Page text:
An artwork with the power of multiple universes
Imagine seeing the universe.
Now imagine seeing five.
That’s exactly what the room-sized, cosmology-inspired artwork “Island Universe” seeks to portray. The elaborate installation, which is on view at Stanford University’s Cantor Arts Center from Feb. 23 to Aug. 19, was created by artist Josiah McElheny and designed in collaboration with David Weinberg, Distinguished University Professor and chair of the Department of Astronomy.
"Island Universe" hangs at White Cube gallery in London in 2008. Image credit Josiah McElheny Studio
The unlikely pair began collaborating in 2004 when McElheny was a resident artist at Ohio State’s Wexner Center for the Arts. McElheny sought Weinberg’s guidance on his quest to make a sculpture reminiscent of the chandeliers at the New York Metropolitan Opera House that also depicted a scientifically accurate view of the Big Bang, as the chandeliers were made the same year astronomers discovered clear-cut evidence for the Big Bang theory (1965).
“I expected it would be lunch plus a few more conversations, but it ended up becoming a quite involved collaboration as we figured out how to design this chandelier that would represent the whole history of the universe,” Weinberg said.
He eventually developed computer codes based on precise measurements of the origins and structure of the universe to generate a design for the 2000-piece sculpture.
"An End to Modernity" by Josiah McElheny. Image credit: Josiah McElheny Studio
That sculpture, “An End to Modernity,” paved the way for four additional projects between the artist and scientist, culminating in the biggest and boldest piece — “Island Universe.” The five-sculpture work is a visual interpretation of a theory called eternal inflation, in which the universe consists of many universes with different properties.
In eternal inflation, our universe is “part of a much bigger universe that’s eternally expanding, and in this universe there can be multiple Big Bangs, and each one gives rise to its own cosmos,” Weinberg explained. “These universes can be radically different — they might even have different species of subatomic particles or different numbers of spatial dimensions.”
Each of the five sculptural elements in “Island Universe” represents a potential one of these universes and was modeled using variants of the computer language Weinberg created for “An End to Modernity.” Although the eternal inflation theory could allow universes in which the laws of nature have changed, Weinberg and McElheny wanted to create five universes that had familiar enough properties to use their established visual architecture and that also represented something plausible in terms of physics.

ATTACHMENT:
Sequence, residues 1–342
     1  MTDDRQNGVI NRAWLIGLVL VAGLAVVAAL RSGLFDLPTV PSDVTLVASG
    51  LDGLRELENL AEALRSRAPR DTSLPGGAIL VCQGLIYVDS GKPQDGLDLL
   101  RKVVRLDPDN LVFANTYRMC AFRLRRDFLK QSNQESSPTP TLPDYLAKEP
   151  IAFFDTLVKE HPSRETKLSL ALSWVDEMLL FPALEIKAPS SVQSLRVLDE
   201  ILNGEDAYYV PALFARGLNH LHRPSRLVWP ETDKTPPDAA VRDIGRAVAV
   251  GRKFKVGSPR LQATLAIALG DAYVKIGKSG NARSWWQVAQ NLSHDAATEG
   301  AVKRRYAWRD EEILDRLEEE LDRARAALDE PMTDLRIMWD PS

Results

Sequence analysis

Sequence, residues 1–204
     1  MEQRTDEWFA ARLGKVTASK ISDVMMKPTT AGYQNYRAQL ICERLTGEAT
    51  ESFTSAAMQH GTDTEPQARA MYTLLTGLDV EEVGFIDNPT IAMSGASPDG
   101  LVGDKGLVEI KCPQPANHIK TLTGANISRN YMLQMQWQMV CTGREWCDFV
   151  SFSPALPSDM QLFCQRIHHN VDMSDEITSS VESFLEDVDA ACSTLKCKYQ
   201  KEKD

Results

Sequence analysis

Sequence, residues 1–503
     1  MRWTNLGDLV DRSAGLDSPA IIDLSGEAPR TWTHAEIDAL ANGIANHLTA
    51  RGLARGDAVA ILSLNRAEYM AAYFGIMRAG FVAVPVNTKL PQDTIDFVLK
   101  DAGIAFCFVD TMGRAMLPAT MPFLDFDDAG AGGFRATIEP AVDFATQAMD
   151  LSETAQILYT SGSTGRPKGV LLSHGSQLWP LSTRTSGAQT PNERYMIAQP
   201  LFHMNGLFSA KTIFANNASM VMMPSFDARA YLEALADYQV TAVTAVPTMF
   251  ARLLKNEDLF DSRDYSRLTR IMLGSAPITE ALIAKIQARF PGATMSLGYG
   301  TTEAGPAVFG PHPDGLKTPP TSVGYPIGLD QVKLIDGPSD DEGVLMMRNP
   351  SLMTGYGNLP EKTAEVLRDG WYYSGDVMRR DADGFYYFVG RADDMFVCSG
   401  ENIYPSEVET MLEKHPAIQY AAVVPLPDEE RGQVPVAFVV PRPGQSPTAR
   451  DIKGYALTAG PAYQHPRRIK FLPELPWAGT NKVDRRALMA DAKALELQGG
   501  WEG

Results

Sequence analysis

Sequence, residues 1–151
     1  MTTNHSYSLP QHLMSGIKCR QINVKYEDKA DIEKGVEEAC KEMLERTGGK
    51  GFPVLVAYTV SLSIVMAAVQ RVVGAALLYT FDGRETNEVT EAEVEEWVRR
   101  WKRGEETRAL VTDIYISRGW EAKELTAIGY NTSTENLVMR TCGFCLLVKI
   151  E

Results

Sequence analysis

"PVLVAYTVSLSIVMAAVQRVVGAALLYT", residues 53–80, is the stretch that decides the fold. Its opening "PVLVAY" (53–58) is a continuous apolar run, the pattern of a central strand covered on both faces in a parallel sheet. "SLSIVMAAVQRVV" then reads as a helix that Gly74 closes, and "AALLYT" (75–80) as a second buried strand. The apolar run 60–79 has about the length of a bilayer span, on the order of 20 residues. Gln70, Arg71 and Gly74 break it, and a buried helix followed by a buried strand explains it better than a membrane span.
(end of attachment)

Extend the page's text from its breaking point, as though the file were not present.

The collective “Island Universe” sculpture — made of chrome-plated aluminum, hand-blown glass and electric lamps — is suspended from the ceiling, with each element based on detailed calculations.
Each of the five sculptures represents its own universe with quasars as lamps and galaxies as glass discs and spheres, with time increasing from the center to the edges. Image credit: Josiah McElheny Studio
The sculpture at the center is titled “Heliocentric,” formed in the image of our universe. “Late Emergence” represents a universe in which a dark age lasting billions of years delayed the growth of the first stars and galaxies. “Frozen Structure” embodies a universe that began with more dark energy relative to dark matter, freezing the growth and clustering of galaxies soon after they started to form. In “Small Scale Violence,” galaxies start to form early and intensely, leading to frequent collisions. And perhaps the most unconventional is “Directional Structure,” in which galaxies and quasars form only within a disc-shaped zone — a cosmic super-galaxy.
It’s important that they are conceptually one piece,” Weinberg said. "As you walk among them, you’re really walking through this inflationary sea of the universe.”
The name “Island Universe” is a nod to philosopher Immanuel Kant, who was the first to speculate that distant nebulae were actually other galaxies like the Milky Way — “island universes” scattered throughout the emptiness of space.
Since its completion in 2008, “Island Universe” has been exhibited in Boston, London and Madrid, among others. The installation’s appearance at Stanford is its first on the West Coast. Stanford is also home to physicist Andrei Linde, who developed the theory on which the artwork is based.
“I want people to have the experience of coming into this installation and trying to figure out for themselves what’s going on,” Weinberg said. “And that’s partly an artistic or aesthetic experience, but it’s also a scientific experience.”
He and McElheny will give a joint talk at Stanford on March 2 about “Island Universe” and their longtime collaboration.
“With each of these pieces, we work together pretty closely through the design, but then there’s the whole separate problem of actually making the thing, and that’s all Josiah,” Weinberg said. “Josiah is super smart and super creative, ad he makes intellectual connections to an astonishing range of subjects. I’m lucky that he got interested in cosmology at the same time he got connected to Ohio State.”